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4.1 out of 5 stars
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4.1 out of 5 stars
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VINE VOICEon 24 July 2004
In the 80s Echo and the Bunnymen released a series of acclaimed albums then split. They got back together in the 90s making three further albums, the last of which is this one, Flowers (released in 2001), the other two being Evergreen (1997) and What Are You Going To Do With Your Life? (1998). There seem to be a variety of views about how good these later albums are. Some people say they are as good as the 80s albums, some say they aren't. I now think this approach is fundamentally flawed.
The problem is that people are starting from the view that the 80s albums were great, so can these albums be as good? My suggestion is, forget the 80s Echo and the Bunnymen; they have little to do with later Echo and the Bunnymen. Instead think Coldplay or Snow Patrol: the more recent Echo and the Bunnymen have a different sound, it doesn't help to listen to these albums with 80s Bunnymen in your head, it would be better to imagine that the Bunnymen now occupy similar musical territory to Coldplay and Snow Patrol and set your expectations in that direction.
I'm not knocking groups like the 80s Bunnymen, the Cure and Siouxsie and the Banshees, they were great and made some fine tunes, but don't buy this CD and start thinking "is this as good as Ocean Rain?" because it just isn't the same. It would be like someone who liked early Beatles picking up Sergeant Pepper and thinking "have we got anything as good as 'Hard Day's Night' on here?" If you are going to buy this CD, expect it to sound more like Coldplay and Snow Patrol than anything from the 80s and you will find it easier to enjoy the music.
Which brings me to the point I really want to make, which is that after listening to the more recent Bunnymen albums I am now of the opinion that they are far superior to the 80s albums, and Flowers is probably the best of them all, although they are all very good. It took me a while to come to this opinion, at first I just couldn't decide if I liked them or not, and it was only when I stopped trying to compare them with the 80s albums and realised they had created a different sound that I could get into them and start to really enjoy the music.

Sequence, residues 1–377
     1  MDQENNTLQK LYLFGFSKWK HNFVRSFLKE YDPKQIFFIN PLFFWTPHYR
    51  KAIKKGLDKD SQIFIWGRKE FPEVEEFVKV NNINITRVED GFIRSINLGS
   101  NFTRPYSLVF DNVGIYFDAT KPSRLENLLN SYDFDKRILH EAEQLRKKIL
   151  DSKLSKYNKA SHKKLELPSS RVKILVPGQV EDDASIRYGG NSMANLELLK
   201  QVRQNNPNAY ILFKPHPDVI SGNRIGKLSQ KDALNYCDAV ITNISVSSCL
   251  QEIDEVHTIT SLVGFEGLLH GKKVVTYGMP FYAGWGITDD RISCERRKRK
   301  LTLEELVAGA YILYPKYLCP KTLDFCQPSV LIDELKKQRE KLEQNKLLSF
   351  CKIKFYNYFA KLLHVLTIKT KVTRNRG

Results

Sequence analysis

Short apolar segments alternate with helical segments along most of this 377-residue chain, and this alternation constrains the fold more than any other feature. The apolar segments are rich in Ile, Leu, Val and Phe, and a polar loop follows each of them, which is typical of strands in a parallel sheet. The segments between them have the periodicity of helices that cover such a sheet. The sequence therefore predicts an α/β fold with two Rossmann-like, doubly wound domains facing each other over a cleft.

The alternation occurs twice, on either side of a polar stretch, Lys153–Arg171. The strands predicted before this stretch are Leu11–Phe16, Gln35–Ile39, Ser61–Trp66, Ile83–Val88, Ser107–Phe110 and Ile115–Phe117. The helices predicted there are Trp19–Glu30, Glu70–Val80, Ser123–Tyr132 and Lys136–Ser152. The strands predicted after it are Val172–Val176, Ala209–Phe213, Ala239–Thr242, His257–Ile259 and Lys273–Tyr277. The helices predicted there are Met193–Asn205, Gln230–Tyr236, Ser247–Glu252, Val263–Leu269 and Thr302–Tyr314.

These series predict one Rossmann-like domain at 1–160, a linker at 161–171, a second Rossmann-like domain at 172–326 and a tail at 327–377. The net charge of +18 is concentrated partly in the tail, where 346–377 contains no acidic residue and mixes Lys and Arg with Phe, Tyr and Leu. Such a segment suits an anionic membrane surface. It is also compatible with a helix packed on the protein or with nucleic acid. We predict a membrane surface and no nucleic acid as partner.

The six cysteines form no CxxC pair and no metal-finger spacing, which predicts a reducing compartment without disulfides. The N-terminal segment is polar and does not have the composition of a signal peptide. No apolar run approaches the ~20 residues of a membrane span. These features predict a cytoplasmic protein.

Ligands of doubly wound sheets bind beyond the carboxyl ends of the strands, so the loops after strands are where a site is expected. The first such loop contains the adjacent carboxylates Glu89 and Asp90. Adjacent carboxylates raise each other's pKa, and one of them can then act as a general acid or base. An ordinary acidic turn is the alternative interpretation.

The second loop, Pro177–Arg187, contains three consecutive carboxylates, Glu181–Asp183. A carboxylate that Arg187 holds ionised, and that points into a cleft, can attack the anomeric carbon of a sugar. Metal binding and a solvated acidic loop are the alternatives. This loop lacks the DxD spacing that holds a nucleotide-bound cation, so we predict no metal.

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VINE VOICEon 30 September 2001
This is a fine outing from the bunnymen. The album is high quality from beginning to the end. Although there are no individual tracks that are life changing the overall standard is consistently high. The album appears to have been released with zero marketing amazing as it is the best album they have released since Ocean Rain. Great stuff.
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on 1 August 2001
I'm glad that I sat on posting a review for a few weeks and let this record grow on me. Initially, I thought that it was good but certainly not vintage Bunnies. However, upon a few listenings this latest offering from McCulloch and Sergeant is definitely one of their finest - and stands up well against Crocodiles, Ocean Rain, and Porcupine (but probably not Heaven ...). Great collection of superbly crafted songs, brillantly executed. Just put this alongside U2's latest offering and I think that you'll know (if you have a sane bone in your body) which band has aged more elegantly and creatively. Just give this record a few plays and you'll know exactly what I mean !